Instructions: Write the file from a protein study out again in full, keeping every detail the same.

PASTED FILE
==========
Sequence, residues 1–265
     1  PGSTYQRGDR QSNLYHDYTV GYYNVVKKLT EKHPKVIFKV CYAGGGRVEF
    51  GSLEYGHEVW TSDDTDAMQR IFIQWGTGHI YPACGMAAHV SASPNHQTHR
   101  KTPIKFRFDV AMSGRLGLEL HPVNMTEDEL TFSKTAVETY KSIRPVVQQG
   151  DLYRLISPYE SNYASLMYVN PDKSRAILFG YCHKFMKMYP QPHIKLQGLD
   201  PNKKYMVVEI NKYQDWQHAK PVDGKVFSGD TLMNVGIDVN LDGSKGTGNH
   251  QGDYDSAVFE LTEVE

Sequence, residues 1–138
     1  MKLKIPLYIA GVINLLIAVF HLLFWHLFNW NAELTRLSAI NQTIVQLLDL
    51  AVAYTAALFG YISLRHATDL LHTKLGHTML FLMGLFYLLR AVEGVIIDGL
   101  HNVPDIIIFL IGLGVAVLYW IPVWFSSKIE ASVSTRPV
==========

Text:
Sequence, residues 1–265
     1  PGSTYQRGDR QSNLYHDYTV GYYNVVKKLT EKHPKVIFKV CYAGGGRVEF
    51  GSLEYGHEVW TSDDTDAMQR IFIQWGTGHI YPACGMAAHV SASPNHQTHR
   101  KTPIKFRFDV AMSGRLGLEL HPVNMTEDEL TFSKTAVETY KSIRPVVQQG
   151  DLYRLISPYE SNYASLMYVN PDKSRAILFG YCHKFMKMYP QPHIKLQGLD
   201  PNKKYMVVEI NKYQDWQHAK PVDGKVFSGD TLMNVGIDVN LDGSKGTGNH
   251  QGDYDSAVFE LTEVE

Sequence, residues 1–138
     1  MKLKIPLYIA GVINLLIAVF HLLFWHLFNW NAELTRLSAI NQTIVQLLDL
    51  AVAYTAALFG YISLRHATDL LHTKLGHTML FLMGLFYLLR AVEGVIIDGL
   101  HNVPDIIIFL IGLGVAVLYW IPVWFSSKIE ASVSTRPV